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Australia’s extradition treaty with China was completed in 2007, but it has never been ratified. AAP/Dan Himbrechts

Explainer: why the government ‘pulled’ Australia’s extradition treaty with China

The federal government today announced it will not proceed with the ratification of an extradition treaty with China. This followed strong indications that the Senate would block it from coming into force.

The treaty contains most of the usual protections against anyone being extradited to China where their human rights would be violated. But an important omission is a guarantee that extradition would not be approved when it would be “unjust or oppressive”.

This failure to implement puts Australia at a significant disadvantage. The usual procedures for extradition between countries with substantial and complex bilateral relations will now not be available.

Background to the treaty

The treaty was concluded in 2007. Under the standard procedure for ratification, the government submitted the treaty to the Joint Standing Committee on Treaties, which recommended its ratification.

However, the committee made several recommendations for better human rights protections – not all of which the government accepted.

A dissenting report by the committee’s Labor MPs recommended that ratification be delayed until after an independent review of the Extradition Act:

… to ensure that Australia’s extradition system continues to be consistent with community expectations and international legal obligations regarding the rule of law and human rights.

The government did not accept that recommendation on the grounds that the act had been subject to several reviews in recent years.

There has been some confusion over what the Senate would actually have done had the government not pulled the treaty. The Senate cannot prevent ratification, which is entirely a matter for the government. The Senate’s relevant power is that it can disallow regulations.

Independent Senator Cory Bernardi had given notice of a motion to disallow the regulations approved by the governor-general that would have added China as “an extradition country” under the Extradition Act. This would have meant no extradition to China could take place under the treaty.

The government’s decision to withdraw the treaty apparently means it will not proceed to ratification. It recognised it could not be implemented.

What are the objections to the treaty?

The objections to the treaty are mostly based on the Chinese legal system’s deficiencies.

The Law Council of Australia has said that China:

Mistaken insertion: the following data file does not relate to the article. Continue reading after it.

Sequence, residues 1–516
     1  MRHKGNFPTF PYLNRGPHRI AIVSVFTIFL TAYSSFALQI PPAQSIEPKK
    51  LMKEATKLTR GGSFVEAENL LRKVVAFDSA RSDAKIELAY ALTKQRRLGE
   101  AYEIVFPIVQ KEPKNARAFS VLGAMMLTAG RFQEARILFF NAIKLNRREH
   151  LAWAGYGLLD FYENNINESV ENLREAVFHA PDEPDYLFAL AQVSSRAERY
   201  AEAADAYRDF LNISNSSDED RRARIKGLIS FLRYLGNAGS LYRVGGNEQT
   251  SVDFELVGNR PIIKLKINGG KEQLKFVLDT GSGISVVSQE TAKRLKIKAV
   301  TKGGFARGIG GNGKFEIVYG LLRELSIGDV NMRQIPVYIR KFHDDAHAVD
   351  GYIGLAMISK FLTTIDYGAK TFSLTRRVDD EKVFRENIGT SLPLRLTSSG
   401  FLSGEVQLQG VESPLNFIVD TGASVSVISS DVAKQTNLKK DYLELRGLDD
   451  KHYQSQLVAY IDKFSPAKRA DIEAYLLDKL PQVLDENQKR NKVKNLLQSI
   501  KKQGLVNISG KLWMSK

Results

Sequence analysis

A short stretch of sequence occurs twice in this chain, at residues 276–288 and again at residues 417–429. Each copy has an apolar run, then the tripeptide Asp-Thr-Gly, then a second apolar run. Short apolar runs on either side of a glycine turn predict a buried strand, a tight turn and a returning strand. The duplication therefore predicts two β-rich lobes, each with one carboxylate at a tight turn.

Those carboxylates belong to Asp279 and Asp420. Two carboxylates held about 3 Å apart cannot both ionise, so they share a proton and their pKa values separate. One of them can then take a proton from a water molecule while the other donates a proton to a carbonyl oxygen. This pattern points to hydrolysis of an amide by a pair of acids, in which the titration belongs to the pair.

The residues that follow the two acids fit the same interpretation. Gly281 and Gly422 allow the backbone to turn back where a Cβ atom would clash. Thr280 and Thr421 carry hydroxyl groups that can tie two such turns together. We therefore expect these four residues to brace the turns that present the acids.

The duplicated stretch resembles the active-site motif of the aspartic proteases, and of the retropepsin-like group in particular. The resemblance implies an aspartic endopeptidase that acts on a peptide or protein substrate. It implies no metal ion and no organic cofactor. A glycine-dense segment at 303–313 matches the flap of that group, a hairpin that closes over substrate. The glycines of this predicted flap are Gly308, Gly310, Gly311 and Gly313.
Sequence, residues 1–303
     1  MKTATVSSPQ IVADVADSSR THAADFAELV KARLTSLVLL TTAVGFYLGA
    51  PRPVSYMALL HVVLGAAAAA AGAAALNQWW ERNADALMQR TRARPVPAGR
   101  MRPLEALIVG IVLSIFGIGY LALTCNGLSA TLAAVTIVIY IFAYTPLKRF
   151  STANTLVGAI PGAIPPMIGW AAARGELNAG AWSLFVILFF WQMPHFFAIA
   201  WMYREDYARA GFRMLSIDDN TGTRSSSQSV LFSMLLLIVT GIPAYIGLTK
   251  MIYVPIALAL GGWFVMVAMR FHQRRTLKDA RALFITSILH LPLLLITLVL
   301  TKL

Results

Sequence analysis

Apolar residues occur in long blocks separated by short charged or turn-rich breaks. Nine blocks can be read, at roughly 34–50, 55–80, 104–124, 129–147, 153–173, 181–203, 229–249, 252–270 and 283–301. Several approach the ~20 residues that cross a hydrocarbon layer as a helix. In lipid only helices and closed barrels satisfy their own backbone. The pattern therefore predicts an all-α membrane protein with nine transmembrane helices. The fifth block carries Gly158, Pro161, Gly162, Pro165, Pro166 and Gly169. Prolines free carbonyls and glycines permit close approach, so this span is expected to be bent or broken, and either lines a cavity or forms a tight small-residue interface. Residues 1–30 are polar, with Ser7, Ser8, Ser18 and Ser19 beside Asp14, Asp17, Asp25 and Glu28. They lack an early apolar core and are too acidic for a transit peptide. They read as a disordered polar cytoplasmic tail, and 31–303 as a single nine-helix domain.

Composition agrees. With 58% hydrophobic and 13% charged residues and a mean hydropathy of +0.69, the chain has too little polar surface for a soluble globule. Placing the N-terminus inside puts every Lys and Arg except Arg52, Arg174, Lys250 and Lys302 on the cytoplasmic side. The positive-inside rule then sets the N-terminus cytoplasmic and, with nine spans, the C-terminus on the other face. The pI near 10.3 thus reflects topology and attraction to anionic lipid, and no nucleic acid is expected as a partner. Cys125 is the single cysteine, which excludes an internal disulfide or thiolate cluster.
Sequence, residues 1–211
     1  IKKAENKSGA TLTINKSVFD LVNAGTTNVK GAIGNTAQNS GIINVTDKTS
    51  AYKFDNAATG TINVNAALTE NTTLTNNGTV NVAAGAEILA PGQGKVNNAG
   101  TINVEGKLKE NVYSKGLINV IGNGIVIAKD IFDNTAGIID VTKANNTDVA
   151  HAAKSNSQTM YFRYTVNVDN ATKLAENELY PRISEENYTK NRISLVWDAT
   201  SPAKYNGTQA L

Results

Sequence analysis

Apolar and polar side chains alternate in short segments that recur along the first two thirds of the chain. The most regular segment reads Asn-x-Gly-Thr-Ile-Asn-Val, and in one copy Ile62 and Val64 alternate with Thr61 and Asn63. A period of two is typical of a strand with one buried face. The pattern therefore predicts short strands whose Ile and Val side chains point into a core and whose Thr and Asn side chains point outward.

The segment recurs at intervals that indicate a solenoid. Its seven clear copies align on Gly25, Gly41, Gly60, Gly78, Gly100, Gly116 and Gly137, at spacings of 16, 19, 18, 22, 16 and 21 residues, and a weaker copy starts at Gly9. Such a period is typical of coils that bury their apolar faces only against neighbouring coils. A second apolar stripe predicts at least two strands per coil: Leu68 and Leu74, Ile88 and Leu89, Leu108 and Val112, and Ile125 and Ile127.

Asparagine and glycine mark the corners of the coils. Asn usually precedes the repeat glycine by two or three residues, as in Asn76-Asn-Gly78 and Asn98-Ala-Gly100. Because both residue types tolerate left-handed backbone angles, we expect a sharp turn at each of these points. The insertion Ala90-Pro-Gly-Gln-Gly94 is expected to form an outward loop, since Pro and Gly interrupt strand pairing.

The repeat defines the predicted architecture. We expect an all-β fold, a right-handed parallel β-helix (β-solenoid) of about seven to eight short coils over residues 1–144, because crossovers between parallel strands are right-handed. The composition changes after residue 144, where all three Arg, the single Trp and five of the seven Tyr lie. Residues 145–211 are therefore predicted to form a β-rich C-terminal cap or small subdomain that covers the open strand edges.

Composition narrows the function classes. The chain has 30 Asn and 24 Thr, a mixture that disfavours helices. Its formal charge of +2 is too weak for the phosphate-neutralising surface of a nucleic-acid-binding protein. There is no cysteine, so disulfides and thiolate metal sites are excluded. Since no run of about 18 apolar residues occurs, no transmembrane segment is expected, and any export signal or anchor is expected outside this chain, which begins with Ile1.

… does not act in accordance with procedural fairness and rule of law standards in criminal proceedings.

And political theorist Francis Fukuyama wrote last year that:

China does not have true rule of law because there is no independent judicial system.

The treaty does include the standard provisions that extradition would not take place where:

  • the offence is political;

  • the person may have been prosecuted on discriminatory grounds (including race, religion, nationality and political opinion);

  • the person has already been convicted or punished (double jeopardy);

  • the offence is a military offence only; or

  • if transferred, the prisoner was likely to suffer torture or face the death penalty.

The Australian government also emphasised that the Extradition Act contains a general discretion to refuse surrender. This enables consideration by the decision-maker (the attorney-general or the justice minister) of human rights concerns, including whether an extradited person would have access to a fair trial.

However, the Law Council of Australia has assessed that the assurances regarding this right provided inadequate protection. This is because they relied on the discretion of the decision-makers in each country, and the process could be “influenced by a wide range of factors”.

The treaty contains a discretionary ground for refusal of an extradition request where extradition would be:

… incompatible with humanitarian considerations in view of that person’s age, health or other personal circumstances.

However, the treaty did not add to this provision the words “unjust or oppressive”, which are contained in ten other Australian bilateral extradition treaties. The attorney-general’s department was unable to explain to the parliamentary committee why these words had not been included. It stressed that each extradition treaty is unique.

The decision not to proceed with the extradition treaty creates an anomalous situation in which Australia does not have bilateral extradition arrangements with its largest two-way trading partner in goods and services. The two-way movement of students, tourists and businesspeople is very large. It is bound to give rise to situations in which a valid request for extradition may be made by either Australia or China.

An extradition agreement is not essential to responding to an extradition request, which can be handled ad hoc. But there is now no mechanism with appropriate safeguards to mandate how such a request should be dealt with.

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